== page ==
The White House estimated Missouri will receive $99 million over a five-year period to expand and support its EV charging network. About $2.5 billion in grant funding will also be up for grabs that the state could apply for, according to the White House.
Department of Energy Secretary Jennifer Granholm said rural and lower-income areas “that have been overlooked by the private companies” will be a focus for the network as funds are distributed. Granholm said the federal government plans to enlist local governments and states’ help in establishing the network.
“We consider the local units of government and the states to be indispensable partners in making sure the decisions are being made wisely but that they also are going to the places where we know there really is need to incentivize the purchase and to get people feeling comfortable … if they do purchase an electric vehicle,” Granholm said on a call with reporters this week.
The $1.2 trillion Bipartisan Infrastructure Framework package was passed by the U.S. House late Friday following extensive negotiations, and President Joe Biden said he will sign it next week. Overall, it includes $7.5 billion for the nation’s first network of EV chargers.
Money distributed through existing funding formulas will reach states sooner whereas new projects and grants are expected to take longer, federal officials have said.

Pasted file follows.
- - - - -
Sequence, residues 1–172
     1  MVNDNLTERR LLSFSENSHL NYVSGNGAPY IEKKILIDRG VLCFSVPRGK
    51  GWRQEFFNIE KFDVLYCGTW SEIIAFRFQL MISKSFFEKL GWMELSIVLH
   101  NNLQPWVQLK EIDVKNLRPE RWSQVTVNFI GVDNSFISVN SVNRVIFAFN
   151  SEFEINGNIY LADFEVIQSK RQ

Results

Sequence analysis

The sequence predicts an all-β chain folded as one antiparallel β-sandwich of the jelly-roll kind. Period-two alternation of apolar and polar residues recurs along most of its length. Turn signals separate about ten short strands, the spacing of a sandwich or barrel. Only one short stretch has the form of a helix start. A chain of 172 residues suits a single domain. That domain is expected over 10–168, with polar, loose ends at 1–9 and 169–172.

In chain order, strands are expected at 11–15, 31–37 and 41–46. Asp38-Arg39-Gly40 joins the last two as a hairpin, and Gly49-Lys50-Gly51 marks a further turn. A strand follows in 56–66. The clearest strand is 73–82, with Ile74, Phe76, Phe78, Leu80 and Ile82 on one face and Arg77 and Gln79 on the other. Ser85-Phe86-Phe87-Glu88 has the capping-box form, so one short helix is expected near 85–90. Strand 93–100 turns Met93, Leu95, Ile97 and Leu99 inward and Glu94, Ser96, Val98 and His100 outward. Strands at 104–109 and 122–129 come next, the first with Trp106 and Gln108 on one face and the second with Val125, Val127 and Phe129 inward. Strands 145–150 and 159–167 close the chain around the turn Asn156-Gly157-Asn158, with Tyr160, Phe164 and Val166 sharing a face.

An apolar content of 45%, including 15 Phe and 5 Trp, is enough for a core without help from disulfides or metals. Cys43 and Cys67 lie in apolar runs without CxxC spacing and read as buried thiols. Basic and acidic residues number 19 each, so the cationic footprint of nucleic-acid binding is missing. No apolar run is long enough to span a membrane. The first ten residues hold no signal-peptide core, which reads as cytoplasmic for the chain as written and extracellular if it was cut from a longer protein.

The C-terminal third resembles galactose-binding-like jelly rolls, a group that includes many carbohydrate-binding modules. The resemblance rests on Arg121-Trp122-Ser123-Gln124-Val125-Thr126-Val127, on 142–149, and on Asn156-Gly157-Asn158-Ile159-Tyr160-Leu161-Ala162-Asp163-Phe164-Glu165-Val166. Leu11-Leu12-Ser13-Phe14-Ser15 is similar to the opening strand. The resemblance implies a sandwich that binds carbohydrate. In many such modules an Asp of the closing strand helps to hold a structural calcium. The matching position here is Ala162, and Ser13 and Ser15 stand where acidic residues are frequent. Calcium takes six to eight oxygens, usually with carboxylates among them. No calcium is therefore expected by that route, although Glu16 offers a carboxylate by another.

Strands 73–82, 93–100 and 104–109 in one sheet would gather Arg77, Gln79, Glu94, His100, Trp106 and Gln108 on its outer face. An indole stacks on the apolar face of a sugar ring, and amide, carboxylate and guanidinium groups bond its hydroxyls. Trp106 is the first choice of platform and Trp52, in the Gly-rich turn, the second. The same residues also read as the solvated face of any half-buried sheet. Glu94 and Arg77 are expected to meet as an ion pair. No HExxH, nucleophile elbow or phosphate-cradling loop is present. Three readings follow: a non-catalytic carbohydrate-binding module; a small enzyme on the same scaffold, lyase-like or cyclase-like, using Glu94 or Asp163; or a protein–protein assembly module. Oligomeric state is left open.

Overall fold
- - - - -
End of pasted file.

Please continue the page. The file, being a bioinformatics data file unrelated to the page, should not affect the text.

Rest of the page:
“With the investments from the bipartisan infrastructure deal, we’re going to finally be able to begin building an energy system that’s fit for the 21st century with innovations that allow us to lead a global clean energy market,” Granholm said.
The Association of Missouri Electric Cooperatives (AMEC) has been working to expand the state’s EV network in rural communities. Each of Missouri’s 47 co-ops has at least one EV in their fleet of work vehicles.
And already there have been some advancements: Missouri’s first electric school bus was introduced earlier this year in Knox County, and Calloway County unveiled a new charging station this summer in partnership with Volkswagon.
“While some people might be leery of the technology, there’s certainly an opportunity for partnerships with rural electric cooperatives and those who want to own electric vehicles,” AMEC CEO and Executive Vice President Caleb Jones previously told The Missouri Times. “We’ve worked closely with all of our member-owners to ensure they have every possible opportunity to participate if that’s something that they want.”
Kaitlyn Schallhorn was the editor in chief of The Missouri Times from 2020-2022. She joined the newspaper in early 2019 after working as a reporter for Fox News in New York City.
Throughout her career, Kaitlyn has covered political campaigns across the U.S., including the 2016 presidential election, and humanitarian aid efforts in Africa and the Middle East.
She is a native of Missouri who studied journalism at Winthrop University in South Carolina. She is also an alumna of the National Journalism Center in Washington, D.C.
Contact Kaitlyn at email@example.com.